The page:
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Nancy Aquino Wins Head of Class Award After Nominated by Community

"Long Island’s Top Teachers Honored at Herald Head of the Class Awards"

The inaugural Herald Head of the Class Awards, presented by Bank of America, honored the best and brightest teachers on Long Island with a gala virtual ceremony on June 16 that celebrated the dedication, determination and lasting influence of our educators.

“Even before COVID-19 arrived, even before teachers were declared essential workers by New York State last August, we all understood just how essential they were,” said Stuart Richner, CEO and Publisher of Richner Communications, as he welcomed viewers and finalists. “It has always gone without saying that our schools are the true heart and soul of Long Island. We have seen that proven time and time again.”

Following a public nominations period during which parents, faculty, students and members of the community nominated teachers they felt have gone above and beyond and truly stand out, an advisory board reviewed all entries, and 34 Elementary, Middle and High School educators were recognized as finalists for their exemplary work. In addition to a winner chosen in each of the three school-level categories, the Rising Star award denoted a teacher at the beginning of a career that shows particular promise for a bright future.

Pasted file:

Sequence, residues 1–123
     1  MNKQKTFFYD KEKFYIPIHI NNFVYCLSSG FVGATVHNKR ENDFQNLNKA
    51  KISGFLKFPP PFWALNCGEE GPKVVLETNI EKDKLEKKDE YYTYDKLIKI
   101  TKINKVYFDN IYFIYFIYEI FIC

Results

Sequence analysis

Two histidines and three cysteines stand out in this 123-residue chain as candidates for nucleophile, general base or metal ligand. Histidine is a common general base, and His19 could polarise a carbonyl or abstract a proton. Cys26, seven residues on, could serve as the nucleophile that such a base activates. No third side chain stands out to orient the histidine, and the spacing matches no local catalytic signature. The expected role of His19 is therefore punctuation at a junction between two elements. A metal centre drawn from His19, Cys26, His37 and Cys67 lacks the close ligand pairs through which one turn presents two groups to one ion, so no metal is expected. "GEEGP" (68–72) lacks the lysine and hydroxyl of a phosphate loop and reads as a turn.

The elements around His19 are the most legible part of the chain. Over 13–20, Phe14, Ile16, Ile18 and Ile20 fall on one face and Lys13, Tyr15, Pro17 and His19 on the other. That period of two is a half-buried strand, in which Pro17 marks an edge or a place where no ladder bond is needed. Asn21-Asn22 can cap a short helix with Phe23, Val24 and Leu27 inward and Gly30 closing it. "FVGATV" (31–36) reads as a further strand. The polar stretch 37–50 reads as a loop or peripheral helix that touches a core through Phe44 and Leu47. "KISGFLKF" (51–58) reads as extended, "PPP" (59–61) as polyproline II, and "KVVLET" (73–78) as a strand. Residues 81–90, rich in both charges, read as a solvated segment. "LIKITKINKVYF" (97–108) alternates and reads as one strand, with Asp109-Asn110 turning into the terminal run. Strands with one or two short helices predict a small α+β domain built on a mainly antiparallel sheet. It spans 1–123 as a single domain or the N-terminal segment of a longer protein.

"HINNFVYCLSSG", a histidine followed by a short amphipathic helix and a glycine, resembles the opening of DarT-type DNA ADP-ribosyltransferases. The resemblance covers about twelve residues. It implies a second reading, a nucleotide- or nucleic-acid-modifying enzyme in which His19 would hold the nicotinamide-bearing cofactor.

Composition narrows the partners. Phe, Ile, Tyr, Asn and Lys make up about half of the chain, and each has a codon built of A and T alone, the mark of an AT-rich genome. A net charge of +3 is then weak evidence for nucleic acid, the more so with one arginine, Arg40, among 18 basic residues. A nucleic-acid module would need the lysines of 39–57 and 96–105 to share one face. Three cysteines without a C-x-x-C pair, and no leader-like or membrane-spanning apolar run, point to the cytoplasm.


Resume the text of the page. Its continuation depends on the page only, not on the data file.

As the anticipation built for the opening of the envelopes and the reveal of the winners, Bank of America Long Island President Bob Isaksen underscored the importance of businesses in our communities becoming part of a lifetime of education, helping advance students through school and even after graduation. “At Bank of America, we know that educators play a critical role in transforming the lives of students,” Isaksen said, “particularly during times of crisis for our communities. That’s why we were so eager to support the Herald in recognizing Long Island’s top educators.”

The night’s first honor, the inaugural Bank of America Rising Star Award, went to kindergarten teacher Jordan Sabinsky of Searingtown Elementary School. “To be included with such a great group of teachers means the world to me,” said Sabinsky, who was inspired to become a teacher while working with young children on a trip to Guatemala. “I became a teacher because I wanted to truly make a difference in kids and inspire them.”

Nancy Aquino, a 2nd grade teacher at Steele Elementary School, won the Elementary School division, and shared a moving account of a teacher who made a huge impact on her life at a young age. “My fourth-grade teacher, Mr. Savalas, made learning fun,” she said. “I kept in touch with him all through my life, and unfortunately he passed away a year-and-a-half ago. I went to his wake and just wanted to meet his family and tell them, ‘Your dad meant so much to me and I feel so thankful to be here today to tell you what he did for me and let you know that I followed in his footsteps.’”

In addition, 

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Elementary School Winner Nancy Aquino

Meet the Steele Elementary School 2nd Grade Teacher

 

"I always had very engaging teachers, and I remembered a lot about how they made me feel, and I really try to think about that a lot when I’m teaching and I’m interacting with kids.”